In January 2016 I spent a week in Lisbon, Portugal on a graduate school trip studying Portugal’s nonprofit and government sectors. It was a great trip to a place I wouldn’t have sought out on my own, but that I was delighted to discover. Portugal is an interesting country with a long history but a young democracy still re-building its institutions after a long dictatorship.
Our base was the Novatel in Campolide, a commercial and residential area above the city center near the zoo Lisbon and NOVA Universities, and the Praca de Espanha metro station. Here are some highlights, favorites, and recommendations.
Food and Drink
Lisbon is a place to eat amazing food at reasonable prices, including abundant seafood. Famous local dishes are bacalhau, salted cod prepared dozens of different ways, and pasteis, a custard pastry. Ginjinha is the cherry-based local liqueur.
Cantinho do Avillez
A more casual and affordable option from Jose Avillez, chef of the Michelin-starred Belcanto. Contemporary Portuguese cuisine in the Chiado neighborhood.
Parreirinha De Alfama
Fado restaurant with the traditional food and live Portuguese folk music. Tucked into the hill in the maze of streets in the Alfama neighborhood. There was a healthy mix of locals and tourists.
One of the many rooftop bars and restaurants with views of the surrounding hills. Near Baixa in the city center.
Mercado de Ribeira
This was a clutch find on the first night in country, and turned out to be the perfect introduction to Lisbon. Our group ended up visiting a second time in the week we were there. The Mercado is a giant urban food court featuring stalls from many of the city’s top notch restaurants and chefs. Take some laps around the perimeter to scope out your plan of attack before assembling a great local meal. Booze and communal tables are in the middle. They also have some shops where you can buy crafts, souvenirs, and more food and booze.
Small, cheap cafe tucked away behind the Mercado de Ribeira.
Cheap pastries and Portuguese in the Campolide area, including the ubiquitous bacalhau salted cod dish.
Sites to See
The traditional Portuguese folk signing is common in the many small, smoky restaurants in the city center, especially the Alfama neighborhood. It’s a dark, haunting melody that is worth hearing in person, usually just a few feet from your table.
Calouste Gulbenkian Foundation and Museum
One of the Portugal’s most important cultural institutions, the Gulbenkian Foundation essentially served as the country’s Ministry of Culture during Salazar’s Fascist dictatorship. Today it hosts an excellent art museum, orchestra, science institute, educational and cultural activities, all set in a beautiful modernist architecture.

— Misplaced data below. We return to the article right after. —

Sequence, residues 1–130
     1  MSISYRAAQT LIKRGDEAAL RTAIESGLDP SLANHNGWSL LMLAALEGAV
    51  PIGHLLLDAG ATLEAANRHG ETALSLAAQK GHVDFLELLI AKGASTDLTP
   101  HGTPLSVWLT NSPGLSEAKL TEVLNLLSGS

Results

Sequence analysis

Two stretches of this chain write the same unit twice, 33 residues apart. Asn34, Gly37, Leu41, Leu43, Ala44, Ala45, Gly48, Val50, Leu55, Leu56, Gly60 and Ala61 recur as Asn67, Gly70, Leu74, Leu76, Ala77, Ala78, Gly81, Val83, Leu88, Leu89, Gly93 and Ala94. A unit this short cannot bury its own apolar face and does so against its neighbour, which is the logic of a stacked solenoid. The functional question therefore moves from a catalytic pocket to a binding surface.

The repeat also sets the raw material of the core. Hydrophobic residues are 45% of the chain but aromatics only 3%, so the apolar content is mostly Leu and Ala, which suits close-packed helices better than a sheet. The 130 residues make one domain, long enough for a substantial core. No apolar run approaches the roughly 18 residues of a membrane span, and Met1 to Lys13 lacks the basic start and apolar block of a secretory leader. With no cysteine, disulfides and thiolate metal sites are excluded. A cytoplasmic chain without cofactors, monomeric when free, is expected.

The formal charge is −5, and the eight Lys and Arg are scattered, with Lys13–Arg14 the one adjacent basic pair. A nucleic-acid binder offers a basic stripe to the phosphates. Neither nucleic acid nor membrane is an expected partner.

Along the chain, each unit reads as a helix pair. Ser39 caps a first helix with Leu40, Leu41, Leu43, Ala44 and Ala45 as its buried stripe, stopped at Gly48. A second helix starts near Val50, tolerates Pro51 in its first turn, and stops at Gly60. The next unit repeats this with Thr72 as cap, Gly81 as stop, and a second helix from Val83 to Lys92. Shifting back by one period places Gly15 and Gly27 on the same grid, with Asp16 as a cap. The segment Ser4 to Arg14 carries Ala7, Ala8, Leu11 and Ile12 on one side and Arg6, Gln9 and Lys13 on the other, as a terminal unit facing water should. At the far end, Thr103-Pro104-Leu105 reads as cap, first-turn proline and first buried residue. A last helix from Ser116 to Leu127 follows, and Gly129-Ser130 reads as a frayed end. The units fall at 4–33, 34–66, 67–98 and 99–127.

(Champalimaud Centre for the Unknown)
While not a typical tourist destination, Champalimaud is a center for medical research and treatment set in a stunning piece of architecture on the water. Great place to watch a sunset.
Outside the City
Palácio da Pena in Sintra
This fantastical, whimsical, fairytale palace north of the Lisbon is a great half day or full-day trip. There are many rooms, balconies, parapets, a roof-top cafe, and hiking on the grounds and surrounding woods. Sintra is about an hour from Lisbon, accessible via commuter rail, bus, or Uber. We took Uber up to the palace gates, then had an awesome tuk-tuk (motorized rickshaw) ride down the hill into Sintra town, where we hoped onto the commuter train back to Lisbon. Like most North Americans we arrived in Portugal in the morning, and Sintra was a great day trip to cure jet lag while waiting for our hotel rooms to be available.
Bacalhôa Wine Estate
A sprawling estate an hour southeast of Lisbon near Set ubal. The main winery complex includes a large museum displaying the owners art collection. It includes Art Nouveau and Art Deco furniture, traditional Portuguese tiles, and art from Portugal’s former African colony of Angola.
The Bacalhôa Palace is nearby. The former royal palace features more art and is set amidst beautiful gardens and vineyards.
North of the city is an unusual peace garden featuring huge Buddhist statues, replica of the Chines terra cotta soldiers, and acres of lakes and gardens. It was inspired by the owner’s reaction to the Taliban destroying sacred Buddha sculptures in Afghanistan.
While you might think Portuguese is close Spanish, there is still big difference, and it’s rude to start speaking to people in your high school Spanish. Like anywhere, be sure to learn a few local words and phrases to start the conversation. English is somewhat common in the tourism and service industries.
Lisbon is compact and easily navigated on foot or by public transport. Taxis and Uber are plentiful and affordable. The Metro is clean and efficient, if a bit threadbare in places. However, many stations feature great architecture and art. Trams, both modern and historic, are common in the city center. There isn’t much bicycling in Lisbon.
The airport is a short metro or taxi ride away from the city center. Commuter trains serve some of the outlying towns. However, Portugal is a rural country and a car is necessary for visiting further afield, especially the wineries.
Lisbon has not caught the smoke-free trend yet, and most bars/restaurants still allow smoking indoors. Grin and bear it.
El Corte Ingles shopping center
Large shopping center and super market in Campolide. Good place to pick up essentials and food.
New York Times: “36 Hours in Lisbon”
New York Times: “Lisbon Is Thriving, but at What Price for those Who Live There?”
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